Director: Hiromasa Yonebayashi
Screenwriter: Keiko Niwa
Runtime: 94 mins.
Australian release date: 12 January 2012
The director Hiromasa Yonebayashi was the key animator on Spirited Away and Howl's Moving Castle, which gave Australian audiences a real taste of Studio Ghibli in recent years. Arrietty is Yonebayashi’s first feature and it is simply stunning.
Based on the novel The Borrowers, by Mary Norton, the story has moved from 1950s England to modern day Japan. The idea that the era of mass consumption is coming to an end and we will eventually move into an era of borrowing, not buying, intrigued the creators of this fascinating adaptation.
Arrietty is a young girl living with her parents under a house. They are ‘little’ people and they forage for food from the big people’s kitchen and garden. They have to be careful not to be seen by the ‘humans’, otherwise they have to move on. The little people also have to be wary of insects and cats that are, of course, much bigger than them and therefore pose a danger.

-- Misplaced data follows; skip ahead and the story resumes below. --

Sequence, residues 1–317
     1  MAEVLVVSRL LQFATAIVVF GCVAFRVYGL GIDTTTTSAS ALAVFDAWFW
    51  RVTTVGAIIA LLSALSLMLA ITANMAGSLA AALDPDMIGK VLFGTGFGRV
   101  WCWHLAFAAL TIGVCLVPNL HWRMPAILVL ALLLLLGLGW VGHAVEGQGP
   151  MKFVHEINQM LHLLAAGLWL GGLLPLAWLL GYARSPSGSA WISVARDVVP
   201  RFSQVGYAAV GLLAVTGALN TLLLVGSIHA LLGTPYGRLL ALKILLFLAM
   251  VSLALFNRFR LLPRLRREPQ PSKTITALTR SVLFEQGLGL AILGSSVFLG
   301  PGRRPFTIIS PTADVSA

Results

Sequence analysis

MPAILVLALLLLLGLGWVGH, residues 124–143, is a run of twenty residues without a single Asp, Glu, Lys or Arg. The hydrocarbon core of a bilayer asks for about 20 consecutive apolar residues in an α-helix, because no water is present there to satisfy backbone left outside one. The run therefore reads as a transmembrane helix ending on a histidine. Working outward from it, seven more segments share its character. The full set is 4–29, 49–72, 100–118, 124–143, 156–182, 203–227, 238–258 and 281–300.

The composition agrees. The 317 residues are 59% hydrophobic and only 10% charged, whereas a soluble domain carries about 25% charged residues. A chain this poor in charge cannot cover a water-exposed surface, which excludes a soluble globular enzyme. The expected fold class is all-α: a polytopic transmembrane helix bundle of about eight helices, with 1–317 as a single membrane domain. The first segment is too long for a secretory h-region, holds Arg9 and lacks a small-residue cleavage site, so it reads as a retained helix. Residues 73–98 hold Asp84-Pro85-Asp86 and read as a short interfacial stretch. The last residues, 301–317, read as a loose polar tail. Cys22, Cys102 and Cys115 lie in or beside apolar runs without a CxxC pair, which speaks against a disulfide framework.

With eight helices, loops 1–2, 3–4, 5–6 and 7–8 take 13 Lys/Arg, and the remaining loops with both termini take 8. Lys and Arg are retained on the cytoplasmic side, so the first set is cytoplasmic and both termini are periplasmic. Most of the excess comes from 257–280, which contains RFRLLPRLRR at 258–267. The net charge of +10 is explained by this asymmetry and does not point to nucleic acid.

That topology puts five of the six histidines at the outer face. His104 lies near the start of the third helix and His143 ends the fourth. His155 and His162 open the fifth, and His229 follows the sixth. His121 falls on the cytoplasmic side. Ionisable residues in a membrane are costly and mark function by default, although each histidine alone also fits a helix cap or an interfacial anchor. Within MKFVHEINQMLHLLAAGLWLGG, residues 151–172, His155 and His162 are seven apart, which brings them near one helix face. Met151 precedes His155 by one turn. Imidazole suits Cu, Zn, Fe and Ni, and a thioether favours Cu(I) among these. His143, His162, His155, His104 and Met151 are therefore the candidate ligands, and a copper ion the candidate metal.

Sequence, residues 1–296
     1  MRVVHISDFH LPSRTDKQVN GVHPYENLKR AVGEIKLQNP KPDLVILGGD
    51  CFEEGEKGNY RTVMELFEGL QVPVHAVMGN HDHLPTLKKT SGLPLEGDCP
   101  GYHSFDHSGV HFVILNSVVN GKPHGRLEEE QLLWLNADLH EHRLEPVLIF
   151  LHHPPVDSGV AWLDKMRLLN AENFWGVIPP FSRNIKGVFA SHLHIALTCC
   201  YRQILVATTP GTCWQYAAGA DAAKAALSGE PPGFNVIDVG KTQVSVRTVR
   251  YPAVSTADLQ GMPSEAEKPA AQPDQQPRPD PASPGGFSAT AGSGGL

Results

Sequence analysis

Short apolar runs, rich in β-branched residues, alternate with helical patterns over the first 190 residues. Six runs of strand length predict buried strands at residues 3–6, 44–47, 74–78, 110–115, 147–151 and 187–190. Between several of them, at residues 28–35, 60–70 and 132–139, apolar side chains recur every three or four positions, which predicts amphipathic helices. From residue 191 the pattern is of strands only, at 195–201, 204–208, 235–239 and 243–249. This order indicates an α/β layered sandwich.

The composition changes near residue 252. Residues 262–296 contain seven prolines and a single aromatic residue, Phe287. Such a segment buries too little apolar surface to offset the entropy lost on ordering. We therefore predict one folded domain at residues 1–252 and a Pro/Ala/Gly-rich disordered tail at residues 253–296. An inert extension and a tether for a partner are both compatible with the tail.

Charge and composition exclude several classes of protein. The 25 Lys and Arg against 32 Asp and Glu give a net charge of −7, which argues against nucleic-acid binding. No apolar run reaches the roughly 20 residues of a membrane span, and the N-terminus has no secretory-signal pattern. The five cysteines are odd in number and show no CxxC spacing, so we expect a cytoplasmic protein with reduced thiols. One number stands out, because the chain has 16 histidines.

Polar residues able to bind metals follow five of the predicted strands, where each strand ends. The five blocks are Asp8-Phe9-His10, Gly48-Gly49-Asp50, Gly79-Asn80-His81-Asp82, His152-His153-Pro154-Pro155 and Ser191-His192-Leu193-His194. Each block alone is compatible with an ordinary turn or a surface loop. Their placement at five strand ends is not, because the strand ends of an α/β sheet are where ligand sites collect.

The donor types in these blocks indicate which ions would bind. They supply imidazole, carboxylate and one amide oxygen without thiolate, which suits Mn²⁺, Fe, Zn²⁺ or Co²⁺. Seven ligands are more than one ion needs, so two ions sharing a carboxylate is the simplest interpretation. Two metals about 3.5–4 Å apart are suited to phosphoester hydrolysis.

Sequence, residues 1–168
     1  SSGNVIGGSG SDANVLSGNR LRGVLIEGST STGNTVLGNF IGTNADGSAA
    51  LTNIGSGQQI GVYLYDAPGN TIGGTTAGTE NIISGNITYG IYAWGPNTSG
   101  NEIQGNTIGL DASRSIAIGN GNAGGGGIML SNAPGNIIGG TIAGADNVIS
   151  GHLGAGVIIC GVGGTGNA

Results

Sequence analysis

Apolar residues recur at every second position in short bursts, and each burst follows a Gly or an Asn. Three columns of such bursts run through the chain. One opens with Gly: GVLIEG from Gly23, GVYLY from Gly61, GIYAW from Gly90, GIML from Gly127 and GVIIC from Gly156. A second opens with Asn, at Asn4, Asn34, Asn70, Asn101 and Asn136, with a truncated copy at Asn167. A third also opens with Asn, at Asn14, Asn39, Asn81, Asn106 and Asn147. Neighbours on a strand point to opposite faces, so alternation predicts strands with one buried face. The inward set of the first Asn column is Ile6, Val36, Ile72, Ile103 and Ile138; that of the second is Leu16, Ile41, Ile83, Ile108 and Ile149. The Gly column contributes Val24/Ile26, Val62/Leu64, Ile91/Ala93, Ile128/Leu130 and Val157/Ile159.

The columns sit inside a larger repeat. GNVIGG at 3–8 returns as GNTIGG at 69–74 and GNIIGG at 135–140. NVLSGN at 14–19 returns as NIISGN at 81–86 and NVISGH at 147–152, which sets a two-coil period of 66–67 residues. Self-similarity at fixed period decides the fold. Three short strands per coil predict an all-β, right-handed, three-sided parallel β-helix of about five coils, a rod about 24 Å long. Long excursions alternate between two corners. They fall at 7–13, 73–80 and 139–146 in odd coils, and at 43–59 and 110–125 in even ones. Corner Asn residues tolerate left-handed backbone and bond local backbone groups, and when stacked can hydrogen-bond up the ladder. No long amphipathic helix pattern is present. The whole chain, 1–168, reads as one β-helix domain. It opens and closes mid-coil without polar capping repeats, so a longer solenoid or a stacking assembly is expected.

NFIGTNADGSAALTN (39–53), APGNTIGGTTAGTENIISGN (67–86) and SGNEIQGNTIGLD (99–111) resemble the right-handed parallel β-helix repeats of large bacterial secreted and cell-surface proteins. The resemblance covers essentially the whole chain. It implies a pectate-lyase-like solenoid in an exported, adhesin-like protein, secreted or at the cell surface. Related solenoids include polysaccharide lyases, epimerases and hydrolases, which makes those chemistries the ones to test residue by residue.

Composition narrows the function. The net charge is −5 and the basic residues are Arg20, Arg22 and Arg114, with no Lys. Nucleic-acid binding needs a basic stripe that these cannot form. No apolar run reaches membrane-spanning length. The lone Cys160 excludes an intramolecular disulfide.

The storyline is a wonderful fantasy, but it is the animation which is a visual feast. Move over Disney, this is the real thing. We are now experiencing new Japanese animator directors who are being embraced by the resident Studio Ghibli’s old guard, namely Isao Takahata and Hayao Miyazaki, who are now both getting on in years and slowly preparing to hand over the reins. Fans of the latter will be pleased to know that the master wrote the screenplay of this film and oversaw its development, and it shows. There are pastoral scenes in Arrietty that are as beautiful as any of Claude Monet’s views of his garden in Giverny.
Arrietty is a wonderful film for all the family and the only suggestion I make is to check the cinema listings and seek out the Japanese voice version. The English translation felt a little off kilter and at times seemed to break the lyrical mood of this charming manga.